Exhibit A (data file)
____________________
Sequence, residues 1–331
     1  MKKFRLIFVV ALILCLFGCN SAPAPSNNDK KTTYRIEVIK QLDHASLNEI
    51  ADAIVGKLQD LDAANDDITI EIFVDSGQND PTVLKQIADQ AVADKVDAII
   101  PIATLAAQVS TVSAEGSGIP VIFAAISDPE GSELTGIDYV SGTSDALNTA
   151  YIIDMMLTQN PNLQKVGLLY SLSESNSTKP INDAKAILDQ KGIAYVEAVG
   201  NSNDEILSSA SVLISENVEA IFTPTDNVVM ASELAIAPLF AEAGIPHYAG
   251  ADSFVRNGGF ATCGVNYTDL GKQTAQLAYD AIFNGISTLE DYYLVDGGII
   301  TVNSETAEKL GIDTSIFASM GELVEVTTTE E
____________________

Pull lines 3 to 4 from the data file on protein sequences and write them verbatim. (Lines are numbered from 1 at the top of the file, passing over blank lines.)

    51  ADAIVGKLQD LDAANDDITI EIFVDSGQND PTVLKQIADQ AVADKVDAII
   101  PIATLAAQVS TVSAEGSGIP VIFAAISDPE GSELTGIDYV SGTSDALNTA